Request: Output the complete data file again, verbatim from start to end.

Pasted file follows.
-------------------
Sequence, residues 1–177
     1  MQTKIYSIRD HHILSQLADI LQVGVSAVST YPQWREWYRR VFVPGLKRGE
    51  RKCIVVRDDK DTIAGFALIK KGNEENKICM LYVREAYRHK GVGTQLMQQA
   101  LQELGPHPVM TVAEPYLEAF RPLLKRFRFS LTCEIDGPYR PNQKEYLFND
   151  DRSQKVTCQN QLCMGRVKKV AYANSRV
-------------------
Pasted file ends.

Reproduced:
Sequence, residues 1–177
     1  MQTKIYSIRD HHILSQLADI LQVGVSAVST YPQWREWYRR VFVPGLKRGE
    51  RKCIVVRDDK DTIAGFALIK KGNEENKICM LYVREAYRHK GVGTQLMQQA
   101  LQELGPHPVM TVAEPYLEAF RPLLKRFRFS LTCEIDGPYR PNQKEYLFND
   151  DRSQKVTCQN QLCMGRVKKV AYANSRV